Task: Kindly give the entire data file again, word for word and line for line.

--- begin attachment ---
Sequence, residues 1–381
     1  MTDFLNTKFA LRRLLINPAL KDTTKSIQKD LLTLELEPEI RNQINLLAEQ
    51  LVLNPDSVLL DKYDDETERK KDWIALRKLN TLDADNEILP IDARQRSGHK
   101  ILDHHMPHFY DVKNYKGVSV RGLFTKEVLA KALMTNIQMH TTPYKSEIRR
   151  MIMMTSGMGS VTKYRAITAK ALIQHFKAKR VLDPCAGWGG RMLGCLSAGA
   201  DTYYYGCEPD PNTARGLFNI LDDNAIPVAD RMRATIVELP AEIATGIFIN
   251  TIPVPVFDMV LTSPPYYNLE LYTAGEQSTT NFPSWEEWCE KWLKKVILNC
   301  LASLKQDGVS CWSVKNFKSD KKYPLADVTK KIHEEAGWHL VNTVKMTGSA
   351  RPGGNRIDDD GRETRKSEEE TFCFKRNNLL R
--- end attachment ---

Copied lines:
Sequence, residues 1–381
     1  MTDFLNTKFA LRRLLINPAL KDTTKSIQKD LLTLELEPEI RNQINLLAEQ
    51  LVLNPDSVLL DKYDDETERK KDWIALRKLN TLDADNEILP IDARQRSGHK
   101  ILDHHMPHFY DVKNYKGVSV RGLFTKEVLA KALMTNIQMH TTPYKSEIRR
   151  MIMMTSGMGS VTKYRAITAK ALIQHFKAKR VLDPCAGWGG RMLGCLSAGA
   201  DTYYYGCEPD PNTARGLFNI LDDNAIPVAD RMRATIVELP AEIATGIFIN
   251  TIPVPVFDMV LTSPPYYNLE LYTAGEQSTT NFPSWEEWCE KWLKKVILNC
   301  LASLKQDGVS CWSVKNFKSD KKYPLADVTK KIHEEAGWHL VNTVKMTGSA
   351  RPGGNRIDDD GRETRKSEEE TFCFKRNNLL R